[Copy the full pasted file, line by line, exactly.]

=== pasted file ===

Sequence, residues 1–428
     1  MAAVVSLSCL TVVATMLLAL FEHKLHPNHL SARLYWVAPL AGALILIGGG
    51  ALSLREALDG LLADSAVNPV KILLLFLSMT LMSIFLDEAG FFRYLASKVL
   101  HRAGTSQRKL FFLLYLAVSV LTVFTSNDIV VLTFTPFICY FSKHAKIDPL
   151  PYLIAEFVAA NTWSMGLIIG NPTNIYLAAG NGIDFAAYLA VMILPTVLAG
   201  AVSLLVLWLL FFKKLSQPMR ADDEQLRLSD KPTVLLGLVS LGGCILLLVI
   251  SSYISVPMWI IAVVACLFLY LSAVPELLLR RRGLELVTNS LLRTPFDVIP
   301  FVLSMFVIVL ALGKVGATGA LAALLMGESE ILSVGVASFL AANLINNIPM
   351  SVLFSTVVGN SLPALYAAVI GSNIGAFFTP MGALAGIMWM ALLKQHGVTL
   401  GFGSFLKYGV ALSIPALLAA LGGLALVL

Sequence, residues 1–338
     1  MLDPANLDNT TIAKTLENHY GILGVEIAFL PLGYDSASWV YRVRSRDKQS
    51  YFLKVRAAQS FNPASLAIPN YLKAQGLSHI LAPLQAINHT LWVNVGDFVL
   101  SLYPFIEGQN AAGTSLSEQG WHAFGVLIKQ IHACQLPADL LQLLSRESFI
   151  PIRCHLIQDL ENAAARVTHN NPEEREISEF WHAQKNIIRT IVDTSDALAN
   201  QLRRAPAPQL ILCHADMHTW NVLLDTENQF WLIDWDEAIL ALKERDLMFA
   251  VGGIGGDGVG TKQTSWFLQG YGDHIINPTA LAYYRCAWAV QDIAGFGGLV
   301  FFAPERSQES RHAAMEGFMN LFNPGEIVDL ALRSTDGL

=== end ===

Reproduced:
Sequence, residues 1–428
     1  MAAVVSLSCL TVVATMLLAL FEHKLHPNHL SARLYWVAPL AGALILIGGG
    51  ALSLREALDG LLADSAVNPV KILLLFLSMT LMSIFLDEAG FFRYLASKVL
   101  HRAGTSQRKL FFLLYLAVSV LTVFTSNDIV VLTFTPFICY FSKHAKIDPL
   151  PYLIAEFVAA NTWSMGLIIG NPTNIYLAAG NGIDFAAYLA VMILPTVLAG
   201  AVSLLVLWLL FFKKLSQPMR ADDEQLRLSD KPTVLLGLVS LGGCILLLVI
   251  SSYISVPMWI IAVVACLFLY LSAVPELLLR RRGLELVTNS LLRTPFDVIP
   301  FVLSMFVIVL ALGKVGATGA LAALLMGESE ILSVGVASFL AANLINNIPM
   351  SVLFSTVVGN SLPALYAAVI GSNIGAFFTP MGALAGIMWM ALLKQHGVTL
   401  GFGSFLKYGV ALSIPALLAA LGGLALVL

Sequence, residues 1–338
     1  MLDPANLDNT TIAKTLENHY GILGVEIAFL PLGYDSASWV YRVRSRDKQS
    51  YFLKVRAAQS FNPASLAIPN YLKAQGLSHI LAPLQAINHT LWVNVGDFVL
   101  SLYPFIEGQN AAGTSLSEQG WHAFGVLIKQ IHACQLPADL LQLLSRESFI
   151  PIRCHLIQDL ENAAARVTHN NPEEREISEF WHAQKNIIRT IVDTSDALAN
   201  QLRRAPAPQL ILCHADMHTW NVLLDTENQF WLIDWDEAIL ALKERDLMFA
   251  VGGIGGDGVG TKQTSWFLQG YGDHIINPTA LAYYRCAWAV QDIAGFGGLV
   301  FFAPERSQES RHAAMEGFMN LFNPGEIVDL ALRSTDGL